Finally... I got to see The Naked and Famous last night. While they're not naked, and only a little famous, I've been eager to see them since buying their first album some time in 2011. I was familiar with the singles they had on AltNation (SiriusXM), but didn't actually buy Passive Me, Aggressive You until it had been out almost a year. It was instantly a favorite.
When they released "Hearts Like Ours" as a single last year, I was so stoked for the full album, In Rolling Waves. It was even better than the first. I honestly can't understand why they're not bigger than they are beyond the fact that the recording industry and its promotion is a mess, and people generally have poor taste in music. It could also just be that my tastes are often not compatible with others.
If I had to describe why I'm into them, it's because they blend a female vocal, electronic sounds, guitars, fantastic percussion, and a whole lot of noise into something that I find awesome. Many of their songs kind of build and build into this delicious noise.
I found out that they would be here in Orlando just a few weeks ago, and our friend and neighbor offered to watch Simon for the evening. We arrived about a half-hour before the time listed on the tickets to find that they weren't letting anyone in. We ducked into a little bar across the street from the Beacham, which is downtown on Orange. It was a cheesy little tiki bar, but ideal because it was virtually empty. At 8:10, we peeked outside to see they still hadn't let people in, and it was raining. Lame. We hung out there until 8:45 or so.
The Beacham was apparently a vaudeville theater when it opened nearly a hundred years ago, and then went decades as a movie theater. It's your typical standing room arrangement, with long stair ways down each side, and a balcony in the back. The balcony doesn't have a lot of room, but it's the kind of place I like to hang out to not spill my beer (though I did not have a beverage this time). It reminds me of the Odeon in Cleveland a little, may it rest in peace.
I'll be honest, I hate standing room shows. I've kind of outgrown them, I guess, which is to say that maybe I'm too old for that shit. Diana doesn't care for them either. If that weren't enough, there were two opening bands, which was also suboptimal because we don't do late nights very well. Probably because we have a child. I did enjoy White Sea, however. I didn't get the name of the first band.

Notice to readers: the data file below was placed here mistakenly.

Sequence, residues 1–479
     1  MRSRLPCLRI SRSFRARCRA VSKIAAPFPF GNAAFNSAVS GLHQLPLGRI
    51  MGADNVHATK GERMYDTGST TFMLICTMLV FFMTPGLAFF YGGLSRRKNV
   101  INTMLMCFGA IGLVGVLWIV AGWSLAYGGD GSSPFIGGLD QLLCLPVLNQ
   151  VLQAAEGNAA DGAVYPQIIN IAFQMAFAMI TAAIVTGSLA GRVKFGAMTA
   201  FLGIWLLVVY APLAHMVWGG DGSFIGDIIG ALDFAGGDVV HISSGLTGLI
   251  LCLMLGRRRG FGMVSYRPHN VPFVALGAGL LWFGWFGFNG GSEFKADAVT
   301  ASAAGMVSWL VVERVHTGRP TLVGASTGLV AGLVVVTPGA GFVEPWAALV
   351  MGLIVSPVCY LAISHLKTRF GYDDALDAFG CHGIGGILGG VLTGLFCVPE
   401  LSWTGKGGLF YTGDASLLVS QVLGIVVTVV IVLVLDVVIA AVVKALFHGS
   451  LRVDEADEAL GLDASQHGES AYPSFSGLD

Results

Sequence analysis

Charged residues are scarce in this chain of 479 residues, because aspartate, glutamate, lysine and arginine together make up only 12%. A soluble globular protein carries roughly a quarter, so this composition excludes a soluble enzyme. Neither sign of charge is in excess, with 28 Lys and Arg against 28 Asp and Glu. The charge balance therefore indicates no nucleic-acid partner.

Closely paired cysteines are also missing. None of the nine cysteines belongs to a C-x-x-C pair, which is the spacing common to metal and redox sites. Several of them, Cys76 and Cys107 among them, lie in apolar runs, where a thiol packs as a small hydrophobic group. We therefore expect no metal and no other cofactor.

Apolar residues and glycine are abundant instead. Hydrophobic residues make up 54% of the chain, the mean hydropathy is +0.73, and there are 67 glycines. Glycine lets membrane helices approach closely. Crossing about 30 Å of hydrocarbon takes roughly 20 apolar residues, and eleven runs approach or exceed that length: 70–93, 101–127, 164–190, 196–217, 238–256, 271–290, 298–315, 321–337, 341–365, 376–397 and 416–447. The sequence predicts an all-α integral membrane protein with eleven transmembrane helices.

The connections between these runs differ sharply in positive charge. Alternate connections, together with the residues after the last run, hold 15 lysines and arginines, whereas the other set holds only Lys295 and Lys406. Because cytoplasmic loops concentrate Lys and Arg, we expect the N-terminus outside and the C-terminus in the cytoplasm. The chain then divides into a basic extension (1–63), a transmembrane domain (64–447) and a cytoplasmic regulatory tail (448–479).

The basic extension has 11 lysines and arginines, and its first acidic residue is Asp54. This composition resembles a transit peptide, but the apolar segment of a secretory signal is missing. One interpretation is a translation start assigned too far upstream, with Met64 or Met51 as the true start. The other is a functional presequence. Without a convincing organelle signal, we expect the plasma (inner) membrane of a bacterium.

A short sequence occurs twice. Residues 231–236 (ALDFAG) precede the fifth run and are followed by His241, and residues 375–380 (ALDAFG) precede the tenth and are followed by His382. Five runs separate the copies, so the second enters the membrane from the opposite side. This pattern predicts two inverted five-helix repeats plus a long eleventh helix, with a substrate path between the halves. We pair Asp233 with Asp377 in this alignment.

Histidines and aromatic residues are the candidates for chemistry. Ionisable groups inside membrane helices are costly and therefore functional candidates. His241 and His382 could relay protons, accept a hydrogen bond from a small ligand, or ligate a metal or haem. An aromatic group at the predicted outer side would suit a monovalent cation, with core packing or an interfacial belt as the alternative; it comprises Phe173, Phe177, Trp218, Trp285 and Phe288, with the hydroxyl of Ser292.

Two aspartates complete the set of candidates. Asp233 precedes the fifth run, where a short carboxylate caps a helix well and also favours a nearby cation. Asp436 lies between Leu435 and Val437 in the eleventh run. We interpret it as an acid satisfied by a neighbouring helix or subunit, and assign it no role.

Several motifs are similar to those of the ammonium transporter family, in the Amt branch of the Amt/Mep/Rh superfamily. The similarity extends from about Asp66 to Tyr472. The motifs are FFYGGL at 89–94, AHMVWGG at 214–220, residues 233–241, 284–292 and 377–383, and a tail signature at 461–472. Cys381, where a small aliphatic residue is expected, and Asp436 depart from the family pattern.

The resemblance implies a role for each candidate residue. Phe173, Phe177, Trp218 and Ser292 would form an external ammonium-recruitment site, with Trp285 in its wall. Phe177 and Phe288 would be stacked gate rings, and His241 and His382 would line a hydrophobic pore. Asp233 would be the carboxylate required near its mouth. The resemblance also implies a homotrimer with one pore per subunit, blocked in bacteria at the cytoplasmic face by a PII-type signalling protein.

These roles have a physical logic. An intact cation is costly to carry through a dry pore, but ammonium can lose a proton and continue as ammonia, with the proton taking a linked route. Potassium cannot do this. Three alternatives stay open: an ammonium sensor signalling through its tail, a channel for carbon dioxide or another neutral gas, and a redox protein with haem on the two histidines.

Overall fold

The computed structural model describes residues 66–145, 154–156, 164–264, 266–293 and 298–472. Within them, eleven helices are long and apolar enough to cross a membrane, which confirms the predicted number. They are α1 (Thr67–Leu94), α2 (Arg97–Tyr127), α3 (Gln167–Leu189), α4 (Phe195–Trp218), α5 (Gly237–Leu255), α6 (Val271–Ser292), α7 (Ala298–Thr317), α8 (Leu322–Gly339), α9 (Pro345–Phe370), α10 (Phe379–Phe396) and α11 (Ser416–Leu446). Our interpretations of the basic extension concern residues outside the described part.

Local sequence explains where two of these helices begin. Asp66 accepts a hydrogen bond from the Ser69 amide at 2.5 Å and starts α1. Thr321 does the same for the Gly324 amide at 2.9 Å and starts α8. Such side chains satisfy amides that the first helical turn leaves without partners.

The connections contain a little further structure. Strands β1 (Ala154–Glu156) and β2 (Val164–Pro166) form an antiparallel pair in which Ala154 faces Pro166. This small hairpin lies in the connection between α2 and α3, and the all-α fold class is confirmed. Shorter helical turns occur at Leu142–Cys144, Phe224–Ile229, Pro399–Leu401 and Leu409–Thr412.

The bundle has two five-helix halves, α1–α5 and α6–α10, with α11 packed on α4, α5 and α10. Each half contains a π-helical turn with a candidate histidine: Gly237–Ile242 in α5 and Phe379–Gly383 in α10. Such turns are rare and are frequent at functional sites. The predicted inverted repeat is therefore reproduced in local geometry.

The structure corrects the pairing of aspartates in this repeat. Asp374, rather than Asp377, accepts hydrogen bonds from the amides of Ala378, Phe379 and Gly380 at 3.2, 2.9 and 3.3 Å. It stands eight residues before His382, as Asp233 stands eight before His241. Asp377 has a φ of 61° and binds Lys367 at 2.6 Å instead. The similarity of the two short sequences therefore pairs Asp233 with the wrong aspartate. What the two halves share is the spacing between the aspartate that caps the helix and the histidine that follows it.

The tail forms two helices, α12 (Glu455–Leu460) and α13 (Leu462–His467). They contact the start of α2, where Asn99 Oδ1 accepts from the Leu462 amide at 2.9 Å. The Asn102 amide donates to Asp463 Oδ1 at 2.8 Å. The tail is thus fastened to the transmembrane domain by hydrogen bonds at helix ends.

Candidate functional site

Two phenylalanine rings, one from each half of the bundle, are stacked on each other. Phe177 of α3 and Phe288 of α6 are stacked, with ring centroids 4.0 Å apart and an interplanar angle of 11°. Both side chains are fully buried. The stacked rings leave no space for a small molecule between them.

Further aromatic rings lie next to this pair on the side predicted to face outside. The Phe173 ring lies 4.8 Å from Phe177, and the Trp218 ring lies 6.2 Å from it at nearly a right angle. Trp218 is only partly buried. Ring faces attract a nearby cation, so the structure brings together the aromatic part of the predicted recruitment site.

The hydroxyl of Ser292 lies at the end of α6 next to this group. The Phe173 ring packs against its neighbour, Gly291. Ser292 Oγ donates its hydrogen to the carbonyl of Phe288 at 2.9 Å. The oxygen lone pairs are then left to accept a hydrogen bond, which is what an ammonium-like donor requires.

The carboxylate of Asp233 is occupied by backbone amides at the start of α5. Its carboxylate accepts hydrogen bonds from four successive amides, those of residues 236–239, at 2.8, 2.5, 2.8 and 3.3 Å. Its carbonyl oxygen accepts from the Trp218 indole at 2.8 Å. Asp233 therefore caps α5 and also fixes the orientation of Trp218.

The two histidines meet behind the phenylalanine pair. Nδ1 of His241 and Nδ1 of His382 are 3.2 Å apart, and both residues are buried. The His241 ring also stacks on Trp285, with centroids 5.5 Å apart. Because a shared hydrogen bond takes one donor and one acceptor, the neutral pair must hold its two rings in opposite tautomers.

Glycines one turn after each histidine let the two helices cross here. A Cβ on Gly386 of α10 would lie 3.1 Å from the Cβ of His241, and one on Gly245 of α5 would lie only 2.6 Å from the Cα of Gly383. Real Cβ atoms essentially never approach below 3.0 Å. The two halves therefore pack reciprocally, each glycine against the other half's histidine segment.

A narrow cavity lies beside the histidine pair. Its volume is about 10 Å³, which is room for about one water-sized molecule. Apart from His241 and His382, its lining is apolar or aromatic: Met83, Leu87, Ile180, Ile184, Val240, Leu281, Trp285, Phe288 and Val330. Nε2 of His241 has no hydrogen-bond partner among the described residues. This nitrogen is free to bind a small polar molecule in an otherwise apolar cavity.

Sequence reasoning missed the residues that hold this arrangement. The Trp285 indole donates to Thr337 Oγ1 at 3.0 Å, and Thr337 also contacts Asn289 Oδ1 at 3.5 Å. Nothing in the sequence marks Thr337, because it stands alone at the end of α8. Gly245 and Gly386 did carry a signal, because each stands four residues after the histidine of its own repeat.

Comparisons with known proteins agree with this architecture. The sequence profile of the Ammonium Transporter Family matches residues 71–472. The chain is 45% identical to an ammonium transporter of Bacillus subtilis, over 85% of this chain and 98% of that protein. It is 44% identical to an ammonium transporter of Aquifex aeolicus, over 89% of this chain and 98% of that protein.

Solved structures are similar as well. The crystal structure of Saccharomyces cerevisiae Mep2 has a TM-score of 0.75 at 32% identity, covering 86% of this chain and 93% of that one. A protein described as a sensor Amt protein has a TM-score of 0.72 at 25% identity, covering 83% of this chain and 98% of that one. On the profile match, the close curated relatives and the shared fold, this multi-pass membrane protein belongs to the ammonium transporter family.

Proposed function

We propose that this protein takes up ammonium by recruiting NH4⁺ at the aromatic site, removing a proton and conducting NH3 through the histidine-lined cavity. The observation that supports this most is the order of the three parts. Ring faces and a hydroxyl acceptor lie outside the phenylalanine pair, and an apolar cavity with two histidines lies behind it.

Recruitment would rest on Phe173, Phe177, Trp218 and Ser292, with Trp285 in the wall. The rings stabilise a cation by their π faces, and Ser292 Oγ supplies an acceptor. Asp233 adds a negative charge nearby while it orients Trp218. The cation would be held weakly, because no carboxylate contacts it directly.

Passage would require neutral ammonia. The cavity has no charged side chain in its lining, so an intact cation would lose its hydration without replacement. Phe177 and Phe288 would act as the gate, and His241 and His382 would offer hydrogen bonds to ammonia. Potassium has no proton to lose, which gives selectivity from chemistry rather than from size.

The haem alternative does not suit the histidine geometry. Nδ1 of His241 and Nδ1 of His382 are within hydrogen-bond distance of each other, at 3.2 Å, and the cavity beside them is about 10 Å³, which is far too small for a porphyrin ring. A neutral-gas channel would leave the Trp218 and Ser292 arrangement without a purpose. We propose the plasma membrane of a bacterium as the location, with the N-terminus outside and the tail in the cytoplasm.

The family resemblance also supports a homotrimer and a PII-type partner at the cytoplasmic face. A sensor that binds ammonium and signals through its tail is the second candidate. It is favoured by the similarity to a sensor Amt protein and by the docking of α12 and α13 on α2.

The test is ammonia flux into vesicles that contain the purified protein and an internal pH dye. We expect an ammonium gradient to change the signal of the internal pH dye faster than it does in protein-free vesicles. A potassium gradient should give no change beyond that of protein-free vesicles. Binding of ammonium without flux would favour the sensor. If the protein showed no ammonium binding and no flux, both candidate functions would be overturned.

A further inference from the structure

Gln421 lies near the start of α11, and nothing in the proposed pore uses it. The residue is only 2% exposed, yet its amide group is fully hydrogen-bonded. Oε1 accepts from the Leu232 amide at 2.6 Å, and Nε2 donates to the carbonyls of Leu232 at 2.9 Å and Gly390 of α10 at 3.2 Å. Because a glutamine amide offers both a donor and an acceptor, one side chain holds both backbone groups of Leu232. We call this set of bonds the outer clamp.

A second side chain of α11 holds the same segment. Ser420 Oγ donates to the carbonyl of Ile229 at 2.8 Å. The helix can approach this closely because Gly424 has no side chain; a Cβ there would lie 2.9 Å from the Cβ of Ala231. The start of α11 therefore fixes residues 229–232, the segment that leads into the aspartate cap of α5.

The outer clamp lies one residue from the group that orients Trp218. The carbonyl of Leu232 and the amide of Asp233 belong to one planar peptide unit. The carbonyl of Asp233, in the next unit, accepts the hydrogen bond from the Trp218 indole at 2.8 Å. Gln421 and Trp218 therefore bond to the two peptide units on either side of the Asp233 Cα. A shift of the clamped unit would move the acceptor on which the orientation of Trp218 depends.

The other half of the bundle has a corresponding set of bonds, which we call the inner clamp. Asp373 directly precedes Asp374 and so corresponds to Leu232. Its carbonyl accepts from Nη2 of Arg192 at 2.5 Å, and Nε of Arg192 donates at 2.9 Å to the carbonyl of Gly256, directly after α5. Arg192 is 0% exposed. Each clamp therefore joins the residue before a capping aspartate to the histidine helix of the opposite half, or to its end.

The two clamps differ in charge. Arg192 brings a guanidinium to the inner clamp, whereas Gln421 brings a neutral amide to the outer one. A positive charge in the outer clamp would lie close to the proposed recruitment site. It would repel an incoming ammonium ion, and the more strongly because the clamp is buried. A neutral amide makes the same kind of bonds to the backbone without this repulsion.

The naked folk took the stage at 10:30, and played 14 songs in about 75 minutes. Obviously, with only two albums, there's only so much material to draw from, but the set made me realize just how much I like almost every song they have. In fact, they probably played my four favorite songs first: "A Stillness," "Hearts Like Ours," "Girls Like You" and "Rolling Waves." It was like I was out of breath in the first 20 minutes because I was completely blown away. They're so tight on stage, without it sounding "like the album." The two singers are great live. And the drummer... I guess I just took it for granted that it was all machines, but he was fantastic.
What's cool is that many of their songs lend themselves to live music because of that "building" feeling they have. "The Sun" starts out softly and has a constant vocal that works almost as a chant, with the noise getting louder and louder over it. Meanwhile, "Punching In A Dream" and "Young Blood" are crowd favorites that get the crowd singing along.
It's worth noting that their light show was pretty epic and imaginative for the relatively small number of instruments they were using. I haven't seen a good light show in awhile, and I really appreciate that.
Go see them if you get a chance, but buy both albums from The Naked and Famous regardless. I think they're really excellent, and they make the kind of music that you can just lose yourself in with headphones on.